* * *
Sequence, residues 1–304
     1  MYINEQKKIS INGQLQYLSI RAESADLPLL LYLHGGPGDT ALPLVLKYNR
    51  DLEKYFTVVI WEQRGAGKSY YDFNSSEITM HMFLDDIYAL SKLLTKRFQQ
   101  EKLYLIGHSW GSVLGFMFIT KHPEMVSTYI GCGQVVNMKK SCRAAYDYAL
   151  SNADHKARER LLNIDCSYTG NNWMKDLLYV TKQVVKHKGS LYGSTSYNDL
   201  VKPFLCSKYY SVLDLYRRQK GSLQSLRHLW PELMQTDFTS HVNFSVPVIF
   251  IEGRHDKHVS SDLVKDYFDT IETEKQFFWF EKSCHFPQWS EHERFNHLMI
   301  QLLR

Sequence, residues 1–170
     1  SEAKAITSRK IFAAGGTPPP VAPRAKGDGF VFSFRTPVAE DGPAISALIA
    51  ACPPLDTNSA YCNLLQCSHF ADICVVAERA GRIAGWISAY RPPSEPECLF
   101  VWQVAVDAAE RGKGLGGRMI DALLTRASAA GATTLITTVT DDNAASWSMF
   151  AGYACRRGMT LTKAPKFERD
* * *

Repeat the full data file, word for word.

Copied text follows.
Sequence, residues 1–304
     1  MYINEQKKIS INGQLQYLSI RAESADLPLL LYLHGGPGDT ALPLVLKYNR
    51  DLEKYFTVVI WEQRGAGKSY YDFNSSEITM HMFLDDIYAL SKLLTKRFQQ
   101  EKLYLIGHSW GSVLGFMFIT KHPEMVSTYI GCGQVVNMKK SCRAAYDYAL
   151  SNADHKARER LLNIDCSYTG NNWMKDLLYV TKQVVKHKGS LYGSTSYNDL
   201  VKPFLCSKYY SVLDLYRRQK GSLQSLRHLW PELMQTDFTS HVNFSVPVIF
   251  IEGRHDKHVS SDLVKDYFDT IETEKQFFWF EKSCHFPQWS EHERFNHLMI
   301  QLLR

Sequence, residues 1–170
     1  SEAKAITSRK IFAAGGTPPP VAPRAKGDGF VFSFRTPVAE DGPAISALIA
    51  ACPPLDTNSA YCNLLQCSHF ADICVVAERA GRIAGWISAY RPPSEPECLF
   101  VWQVAVDAAE RGKGLGGRMI DALLTRASAA GATTLITTVT DDNAASWSMF
   151  AGYACRRGMT LTKAPKFERD